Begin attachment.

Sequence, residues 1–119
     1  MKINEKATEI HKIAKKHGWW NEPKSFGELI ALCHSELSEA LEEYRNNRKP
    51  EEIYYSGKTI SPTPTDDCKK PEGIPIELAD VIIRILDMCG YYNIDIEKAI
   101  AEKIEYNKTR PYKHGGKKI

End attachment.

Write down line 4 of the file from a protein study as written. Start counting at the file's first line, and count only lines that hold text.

   101  AEKIEYNKTR PYKHGGKKI